Inslee joins a sea of senators in a rapidly growing Democratic field. Six Democratic senators have announced campaigns and at least two more are publicly considering it.

But only one other current governor, Montana Gov. Steve Bullock, is publicly mulling a run.

Governors running for president are not unusual. In 2016, 11 current or former governors ran for president. Seventeen of our 44 presidents have been former governors. Six former presidents, including Bill Clinton and George W. Bush, were governor at the time they were elected president.

That means they ran a full campaign, which these days lasts more than 18 months, while also serving as the chief executive of a state.

That’s what Inslee intends to do.

“It’s more of a challenge for a governor than for a congressman or senator, because for a congressman or a senator there’s some expectation they’re going to spend time out of state, in Washington,” said Kristoffer Shields, a historian at Rutgers University’s Eagleton Center on the American Governor. “For the governor, there’s a little bit of an expectation that he or she is going to be in the state.”

Inslee has already been out of state quite a bit. He led the Democratic Governors Association last year, spending at least part of 93 days out of Washington in 2018 on both official and political business.

His trips over the last couple of years busted the budget of his taxpayer-funded State Patrol security detail, which accompanies him on all trips, whether political or official. The Patrol has requested a $1.3 million budget increase for the unit in anticipation of Inslee boosting his travel.

“I don’t think the taxpayers of Washington should have to provide executive security detail in Iowa, New Hampshire and wherever else,” said state Senate Minority Leader Mark Schoesler, R-Ritzville.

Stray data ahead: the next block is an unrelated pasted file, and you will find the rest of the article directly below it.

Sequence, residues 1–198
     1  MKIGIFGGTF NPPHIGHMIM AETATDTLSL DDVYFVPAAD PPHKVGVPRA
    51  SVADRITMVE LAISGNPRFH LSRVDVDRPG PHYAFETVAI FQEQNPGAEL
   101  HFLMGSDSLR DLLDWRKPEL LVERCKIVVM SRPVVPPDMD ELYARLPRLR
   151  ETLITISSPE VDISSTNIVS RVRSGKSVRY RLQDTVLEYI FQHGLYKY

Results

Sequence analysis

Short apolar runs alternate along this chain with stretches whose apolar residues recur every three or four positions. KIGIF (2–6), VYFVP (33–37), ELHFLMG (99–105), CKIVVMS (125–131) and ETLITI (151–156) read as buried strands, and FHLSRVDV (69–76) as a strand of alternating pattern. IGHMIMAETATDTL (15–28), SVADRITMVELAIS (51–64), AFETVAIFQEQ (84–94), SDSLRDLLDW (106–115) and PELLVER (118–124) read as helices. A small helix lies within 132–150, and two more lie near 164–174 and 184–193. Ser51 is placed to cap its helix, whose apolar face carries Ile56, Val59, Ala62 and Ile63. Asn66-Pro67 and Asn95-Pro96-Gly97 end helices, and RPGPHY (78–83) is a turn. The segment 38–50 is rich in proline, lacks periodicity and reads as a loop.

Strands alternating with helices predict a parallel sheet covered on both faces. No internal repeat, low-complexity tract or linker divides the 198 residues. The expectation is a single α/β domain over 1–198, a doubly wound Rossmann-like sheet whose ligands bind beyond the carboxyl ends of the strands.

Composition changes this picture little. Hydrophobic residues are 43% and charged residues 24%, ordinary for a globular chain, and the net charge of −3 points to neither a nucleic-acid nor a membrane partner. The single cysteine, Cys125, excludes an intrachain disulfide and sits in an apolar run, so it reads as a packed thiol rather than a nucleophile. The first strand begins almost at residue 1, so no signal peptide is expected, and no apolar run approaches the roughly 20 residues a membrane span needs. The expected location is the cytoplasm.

Inslee’s travels this year so far have included a swing through New Hampshire, home to the first primary of the 2020 election. He’s in New York this weekend and is headed to Iowa, Nevada and California this week.

All those absences also mean a decent raise for Lt. Gov. Cyrus Habib, who assumes the role of acting governor whenever the governor “absents himself or herself from the state” and receives the prorated difference between the governor’s and the lieutenant governor’s salary on those days. Secretary of State Kim Wyman becomes acting governor when Habib is also out of state.

Habib gets an extra $291.42 a day when he serves as acting governor, according to figures provided by his office.

“The revolution will not be televised”

Modern mores — not to mention phones, emails and airplanes — have probably sapped some of the gumption from “acting” executives.

In 1924, in one notorious example, Seattle City Council President Bertha Landes used her authority as acting mayor to fire the police chief, accusing his department of colluding with gamblers and bootleggers. Mayor Edwin Brown, who was in New York for the Democratic National Convention, was notified by telegram and had to jump on a train back to Seattle to reverse the decision.

In theory, Habib has the same power when Inslee is out of state. He could sign or veto legislation, fire cabinet members and appoint judges while Inslee is out campaigning.

“Every provision of law in relation to the powers and duties of the governor,” state law stipulates, “extends to the person performing for the time being the duties of governor.”

In practice, that’s not going to happen.

“We have a great working relationship with all of the statewide electeds,” Postman said. As such, they’ve been content to perform merely ministerial duties on days when they are acting governor, such as signing declarations to lower flags for official mourning periods.

There are times when official action is needed. Inslee was at a fundraiser in Montana in 2014 when the Oso mudslide killed 43 people. Then-Lt. Gov. Brad Owen signed an emergency declaration in his absence, and Inslee hurried back to oversee recovery efforts.

In an interview last fall, Habib agreed he’s not likely to stage a minicoup while Inslee is away. “The revolution will not be televised,” he joked.

“It’s not as a practical matter a big part of my job,” Habib said. “I am always aware of when I am acting governor and conscious I need to be readily accessible, but otherwise it doesn’t change the state.”